II. Classics, Latin, and Learning Styles: Logic and Problem Solving

‘I loved Latin, it’s just like coding.”

I was pleased to hear this lovely quotation from a colleague of mine while we were both extolling the virtues of Latin. She had learnt Latin for three years and loved its logical structure. In many ways, it is as much like deciphering a code, as translating a language. The similarity between Latin and Maths has often been pointed out. It is logical, can be rearranged (like an equation) for different emphases, but its logical workings mean its meaning can always be worked out. There is generally very little need to guess. Problem solving is logical. The person seeking to solve the problem looks for clues, examined how they relate to one another, by doing so works out the correct assemblage, and is able then to arrive at the solution. This certainly sounds a little like Sherlock Holmes. But it is certainly true of Latin. No longer spoken it may be, but full of material that can train highly relevant and in demand skills, it certainly can.

I shall illustrate with a short Latin sentence. First, you need to know that amicus = friend, puella = girl, and salutat = he/she greets.

puella salutat = the girl greets

We are not told whom she is greeting, just that she is giving a greeting (okay, it’s not very exciting, bear with me).

amicus salutat = the friend greets

So far so good. We know that in the first sentence, the girl is doing the greeting, and in the second, the friend is doing the greeting.

amicus puellam salutat

Okay, what is different this time round? When deciphering a code, you will be looking for changes of pattern. There is a clear pattern-change here:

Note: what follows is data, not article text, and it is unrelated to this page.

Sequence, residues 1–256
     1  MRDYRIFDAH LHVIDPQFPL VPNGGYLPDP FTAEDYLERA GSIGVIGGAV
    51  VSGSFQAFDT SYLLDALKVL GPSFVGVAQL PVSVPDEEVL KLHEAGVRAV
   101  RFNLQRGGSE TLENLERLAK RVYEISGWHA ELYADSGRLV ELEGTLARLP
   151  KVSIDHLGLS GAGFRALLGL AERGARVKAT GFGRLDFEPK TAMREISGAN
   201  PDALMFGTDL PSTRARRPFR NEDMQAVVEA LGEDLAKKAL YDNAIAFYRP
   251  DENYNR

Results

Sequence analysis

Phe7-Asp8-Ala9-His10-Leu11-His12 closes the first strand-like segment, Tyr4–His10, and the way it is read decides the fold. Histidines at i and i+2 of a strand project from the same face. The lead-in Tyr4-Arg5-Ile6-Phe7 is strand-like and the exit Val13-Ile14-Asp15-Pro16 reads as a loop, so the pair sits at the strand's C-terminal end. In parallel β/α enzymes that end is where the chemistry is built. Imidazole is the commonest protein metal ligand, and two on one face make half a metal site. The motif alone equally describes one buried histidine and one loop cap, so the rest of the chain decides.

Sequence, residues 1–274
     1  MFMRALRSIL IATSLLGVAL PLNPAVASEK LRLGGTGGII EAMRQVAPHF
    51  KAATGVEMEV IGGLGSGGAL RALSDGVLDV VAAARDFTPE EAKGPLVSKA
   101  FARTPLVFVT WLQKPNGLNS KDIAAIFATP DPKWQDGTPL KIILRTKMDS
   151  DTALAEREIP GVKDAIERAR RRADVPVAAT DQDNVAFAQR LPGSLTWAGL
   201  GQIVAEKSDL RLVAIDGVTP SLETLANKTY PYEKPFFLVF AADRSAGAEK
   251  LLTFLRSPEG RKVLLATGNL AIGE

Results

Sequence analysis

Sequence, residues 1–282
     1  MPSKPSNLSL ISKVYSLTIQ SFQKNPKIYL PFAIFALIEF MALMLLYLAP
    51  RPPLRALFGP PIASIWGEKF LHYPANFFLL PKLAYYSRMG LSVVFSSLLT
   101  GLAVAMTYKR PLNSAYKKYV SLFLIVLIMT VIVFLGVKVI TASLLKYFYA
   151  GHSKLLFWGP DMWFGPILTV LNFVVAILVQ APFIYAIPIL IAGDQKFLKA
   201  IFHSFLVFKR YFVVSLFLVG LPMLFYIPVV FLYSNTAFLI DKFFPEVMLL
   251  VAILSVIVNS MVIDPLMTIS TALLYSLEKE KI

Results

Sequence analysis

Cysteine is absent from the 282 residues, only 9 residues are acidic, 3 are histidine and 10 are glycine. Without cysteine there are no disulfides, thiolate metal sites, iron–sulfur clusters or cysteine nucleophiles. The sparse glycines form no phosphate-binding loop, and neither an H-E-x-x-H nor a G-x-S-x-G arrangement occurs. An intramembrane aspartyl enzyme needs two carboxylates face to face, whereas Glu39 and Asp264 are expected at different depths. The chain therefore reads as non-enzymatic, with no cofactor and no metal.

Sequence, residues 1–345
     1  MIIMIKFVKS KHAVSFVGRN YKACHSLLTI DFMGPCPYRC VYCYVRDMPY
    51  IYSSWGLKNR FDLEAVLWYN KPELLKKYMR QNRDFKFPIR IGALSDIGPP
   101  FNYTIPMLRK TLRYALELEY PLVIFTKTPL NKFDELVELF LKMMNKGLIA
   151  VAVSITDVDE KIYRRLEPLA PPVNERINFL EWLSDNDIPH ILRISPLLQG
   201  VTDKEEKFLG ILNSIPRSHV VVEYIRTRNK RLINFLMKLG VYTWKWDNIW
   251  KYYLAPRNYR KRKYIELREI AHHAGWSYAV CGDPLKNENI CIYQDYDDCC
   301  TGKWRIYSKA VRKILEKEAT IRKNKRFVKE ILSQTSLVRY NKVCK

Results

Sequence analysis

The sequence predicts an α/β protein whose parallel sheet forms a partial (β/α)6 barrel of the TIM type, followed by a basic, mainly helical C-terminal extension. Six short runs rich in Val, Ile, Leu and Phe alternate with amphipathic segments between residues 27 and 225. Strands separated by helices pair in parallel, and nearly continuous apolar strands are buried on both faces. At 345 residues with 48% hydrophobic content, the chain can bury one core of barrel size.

An ‘M’ has been added to ‘puella’.

What does this mean? Well, you will also notice that amicus looks the same as in the second sentence. So, we can conclude that the friend is doing the greeting. So, where does puellaM come in? Well, she is not doing the greeting, so the only logical conclusion is that the friend is greeting HER. She is not the DOER, she is the recipient of the action, so:

amicus puellam salutat = the friend greets the girl

Okay, now to another sentence,

puella amicum salutat = ?

What has changed? This time we amicuM, the friend ends in ‘M’ not the girl. Glancing back at ‘amicus puellam salutat’, we remember that there the girl ended in ‘M’ and she was being greeted rather than doing the greeting. If we, therefore, deduce that ‘M’ on the end = recipient of action, we conclude that the friend is now the recipient.

puella amicum salutat = the girl greets the friend

So, by a simple pattern change we can see how the meaning of a sentence can be altered. To finish, have a look at the following:

puellam salutat amicus = ?

Not the most natural Latin word order, but perfectly acceptable. And here is a clue: in Latin word order alters only emphasis, not the essential meaning of who the doer is, or who the recipient is. So, we should not leap in just yet and say that the ‘girl’ is doing the greeting in the above sentence. Let’s review what we have learnt.

amicus meant the friend was the doer, amicuM meant the friend was the recipient.

puella meant the girl wad the doer, puellaM meant she was the recipient.

So, in tis final sentence, although she is first word in the sentence, we see puellaM. So, we know she is being greeted. The friend might be the last word in the sentence, but is amicus, so we know he is the doer. Thus, amicus puellam salutat and puellam salutat amicus in fact both mean, ‘the friend greets the girl’, the only difference is emphasis.

Thus, I hope you can see how logical Latin is:

  • · Find the clues

  • · Follow the clues

  • · Assemble the clues

  • · Find the solution

I ❤ Latin.

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